Sunday, November 27, 2011

A Closer Look at the Survival Incentive

One of the most common criticisms of communism is that it does not provide a clear incentive for individuals to work, since each will receive “according to his/her needs.” Many of us have expressed this concern on the blog and have supported it with detailed arguments. Inherent in these arguments seems to be the belief that the need to provide the necessities of survival offers the only reliable and universal incentive to work. I do agree that capitalism offers a much stronger incentive to work for survival than does communism. Nevertheless, I would like to question here whether that actually offers an argument for capitalism, rather than one against it.

First, I would like to ask which seems like a better society: one in which everyone must work for his or her survival (and consequently has a strong incentive to do so), or one in which everyone’s basic needs are provided for, so that they can labor for other reasons if they so choose and for other incentives.

Now, there is nothing wrong with the first society in itself. If it happens to be the case that one’s survival can only be provided for through the sweat of one’s brow, then there is absolutely nothing ethically right or wrong with that set up. There is, furthermore, nothing ethically right or wrong with one’s choosing to work or not to work in this situation – it is merely a question of survival. Even so, I think that there is strong reason to believe that living in the second society would be more desirable. For one thing, there is more freedom and less stress, and nobody would die for lack of resources if society could do anything about it.

But let’s consider a third society: namely, one in which there would be enough resources to provide for everyone’s basic needs, except a relatively small segment of the population controls far more than it needs or could ever use, while, because of this, the majority of the population is unnecessarily forced to work for survival. In this case, there is something ethically wrong, because the minority is depriving the majority of “life, liberty, and the pursuit of happiness,” as someone famous once wrote.

The first society, if it ever actually existed on earth, would be akin to the most primitive of hunter-gather societies. The second, which has never existed on earth in any significant size, is a communist society. The third, which exists in this country and many others, is a modern capitalist society.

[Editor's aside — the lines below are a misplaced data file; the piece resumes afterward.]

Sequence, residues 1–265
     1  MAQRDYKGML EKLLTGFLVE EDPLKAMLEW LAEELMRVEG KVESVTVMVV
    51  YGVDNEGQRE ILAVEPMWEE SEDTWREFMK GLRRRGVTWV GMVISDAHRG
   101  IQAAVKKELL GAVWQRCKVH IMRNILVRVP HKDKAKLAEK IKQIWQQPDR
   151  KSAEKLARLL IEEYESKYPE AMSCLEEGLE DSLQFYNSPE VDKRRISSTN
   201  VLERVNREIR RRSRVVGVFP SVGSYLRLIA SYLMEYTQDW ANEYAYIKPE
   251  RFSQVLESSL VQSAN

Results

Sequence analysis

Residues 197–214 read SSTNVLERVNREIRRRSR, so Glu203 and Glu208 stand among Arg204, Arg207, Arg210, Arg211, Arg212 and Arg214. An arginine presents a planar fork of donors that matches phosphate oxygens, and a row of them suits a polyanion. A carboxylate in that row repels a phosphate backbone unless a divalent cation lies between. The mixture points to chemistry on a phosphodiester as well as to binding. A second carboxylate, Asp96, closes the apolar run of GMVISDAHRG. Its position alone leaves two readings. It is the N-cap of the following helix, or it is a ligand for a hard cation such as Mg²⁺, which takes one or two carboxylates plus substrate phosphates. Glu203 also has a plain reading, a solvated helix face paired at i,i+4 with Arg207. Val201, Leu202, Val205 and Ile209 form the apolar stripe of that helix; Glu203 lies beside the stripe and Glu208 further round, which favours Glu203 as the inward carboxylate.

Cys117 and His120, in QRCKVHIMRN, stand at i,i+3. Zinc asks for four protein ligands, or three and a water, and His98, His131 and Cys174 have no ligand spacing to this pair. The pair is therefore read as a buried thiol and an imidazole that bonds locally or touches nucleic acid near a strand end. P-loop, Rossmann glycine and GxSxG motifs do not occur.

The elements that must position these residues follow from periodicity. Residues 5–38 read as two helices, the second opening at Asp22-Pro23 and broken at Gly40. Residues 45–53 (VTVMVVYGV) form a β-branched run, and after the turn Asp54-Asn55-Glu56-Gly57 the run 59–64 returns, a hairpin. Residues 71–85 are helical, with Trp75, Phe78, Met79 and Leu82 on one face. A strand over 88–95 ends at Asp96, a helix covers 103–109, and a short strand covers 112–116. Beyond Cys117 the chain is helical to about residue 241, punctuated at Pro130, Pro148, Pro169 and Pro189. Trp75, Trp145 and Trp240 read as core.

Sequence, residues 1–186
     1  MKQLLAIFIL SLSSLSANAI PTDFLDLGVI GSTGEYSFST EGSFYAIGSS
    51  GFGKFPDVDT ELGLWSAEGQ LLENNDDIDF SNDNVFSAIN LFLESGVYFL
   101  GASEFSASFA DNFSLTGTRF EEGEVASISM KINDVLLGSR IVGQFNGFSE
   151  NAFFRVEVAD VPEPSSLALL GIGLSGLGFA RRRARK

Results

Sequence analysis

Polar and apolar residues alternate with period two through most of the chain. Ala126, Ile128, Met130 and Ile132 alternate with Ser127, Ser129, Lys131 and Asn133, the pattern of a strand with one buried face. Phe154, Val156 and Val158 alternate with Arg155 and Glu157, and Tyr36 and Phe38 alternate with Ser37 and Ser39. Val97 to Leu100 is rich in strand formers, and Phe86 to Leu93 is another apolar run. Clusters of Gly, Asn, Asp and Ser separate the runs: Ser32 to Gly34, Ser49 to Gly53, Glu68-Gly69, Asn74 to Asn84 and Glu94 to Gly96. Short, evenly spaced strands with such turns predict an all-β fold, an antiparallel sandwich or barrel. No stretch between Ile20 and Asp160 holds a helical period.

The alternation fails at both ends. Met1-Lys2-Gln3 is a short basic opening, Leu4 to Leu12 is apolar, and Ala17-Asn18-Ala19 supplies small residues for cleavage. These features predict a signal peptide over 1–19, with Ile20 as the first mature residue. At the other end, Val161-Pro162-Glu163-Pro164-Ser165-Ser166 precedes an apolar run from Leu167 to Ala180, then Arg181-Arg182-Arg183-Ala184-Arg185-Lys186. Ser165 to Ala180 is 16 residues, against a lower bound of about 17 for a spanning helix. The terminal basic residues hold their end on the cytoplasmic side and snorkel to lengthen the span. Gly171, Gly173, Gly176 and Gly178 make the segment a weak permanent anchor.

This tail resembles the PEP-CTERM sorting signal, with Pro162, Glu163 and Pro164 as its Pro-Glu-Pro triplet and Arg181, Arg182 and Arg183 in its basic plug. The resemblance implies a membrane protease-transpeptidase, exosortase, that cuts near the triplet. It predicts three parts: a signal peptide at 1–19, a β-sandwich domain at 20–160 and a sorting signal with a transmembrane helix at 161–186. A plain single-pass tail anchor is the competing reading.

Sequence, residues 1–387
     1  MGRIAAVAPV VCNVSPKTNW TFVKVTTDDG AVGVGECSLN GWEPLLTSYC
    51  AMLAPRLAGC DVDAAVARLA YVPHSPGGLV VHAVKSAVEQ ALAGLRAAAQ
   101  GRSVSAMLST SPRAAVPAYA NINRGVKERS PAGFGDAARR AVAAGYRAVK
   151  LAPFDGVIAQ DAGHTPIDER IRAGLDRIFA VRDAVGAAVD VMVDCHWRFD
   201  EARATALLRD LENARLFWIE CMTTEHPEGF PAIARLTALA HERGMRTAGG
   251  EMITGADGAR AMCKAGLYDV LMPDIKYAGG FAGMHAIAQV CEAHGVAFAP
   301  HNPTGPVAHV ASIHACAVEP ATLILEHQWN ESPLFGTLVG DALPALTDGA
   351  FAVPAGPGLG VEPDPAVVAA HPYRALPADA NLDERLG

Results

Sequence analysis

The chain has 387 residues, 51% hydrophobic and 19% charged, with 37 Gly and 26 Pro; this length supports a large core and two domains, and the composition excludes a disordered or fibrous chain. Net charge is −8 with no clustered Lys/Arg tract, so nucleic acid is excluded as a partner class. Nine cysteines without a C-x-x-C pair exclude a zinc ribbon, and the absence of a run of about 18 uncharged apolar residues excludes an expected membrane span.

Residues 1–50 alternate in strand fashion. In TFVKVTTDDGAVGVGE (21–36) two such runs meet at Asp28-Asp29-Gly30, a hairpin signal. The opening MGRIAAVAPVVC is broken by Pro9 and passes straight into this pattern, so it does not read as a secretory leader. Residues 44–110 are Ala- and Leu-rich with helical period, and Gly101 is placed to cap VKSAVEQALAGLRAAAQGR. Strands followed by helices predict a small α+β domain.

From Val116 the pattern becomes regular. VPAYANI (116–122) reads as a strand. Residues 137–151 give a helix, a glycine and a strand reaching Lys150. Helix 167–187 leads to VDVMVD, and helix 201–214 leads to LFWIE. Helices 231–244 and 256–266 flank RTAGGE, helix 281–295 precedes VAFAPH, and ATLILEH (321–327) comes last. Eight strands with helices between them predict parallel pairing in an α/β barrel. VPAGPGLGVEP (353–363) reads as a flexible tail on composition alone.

Now, if I were to rank the societies in order of personal preference, I would put society #2 first, society #1 second, and society #3 in a very distant third (assuming that I would be one of the minority). Furthermore, if I were to rank the three in terms of ethical value, society #1 would be neutral, society #2 would be clearly positive, and society #3 would be clearly negative. I think that many of you would agree with me in both of these evaluations.

Notice that society #3, the modern capitalist society, comes in last on both accounts. This is because we find something inherently wrong with a society that places on individuals an unnecessary and artificial requirement to work for survival. Thus, I hope it is now clear that the fact that capitalism brings about a situation in which people are incentivized to work for survival is not mark for capitalism. Rather, it is a mark against it.


  1. Colin,

    This was a compelling argument. Here are a few comments in response.

    You define your second society as "one in which everyone’s basic needs are provided for, so that they can labor for other reasons if they so choose and for other incentives," and you say that you would rank it as the best out of your three societies. I agree that, on the individual level, it would be ideal to be completely free to choose to work or not work, and to be able to divorce that decision from considerations of survival. However, I disagree that this would ideal society-wide, because I still see incentives problems. This society will still needs its garbage collectors, its paper-towel manufacturers, etc. But it seems unlikely that many people would choose to perform these types of roles in society. Given the choice to perform an unpleasant job or to not work (but still have their needs met), why would someone choose the unpleasant job?

    In your third society, individuals still would not want to perform unpleasant jobs, but given this scarcity of labor, the market (generally) would have to compensate them well enough to make these types of jobs more appealing. It seems to me that the combination of generally free markets, the assurance of private property, and a healthy dose of government regulation/social programs to help the poor and combat excessive income inequality, would be more desirable and more practicable than a communist society.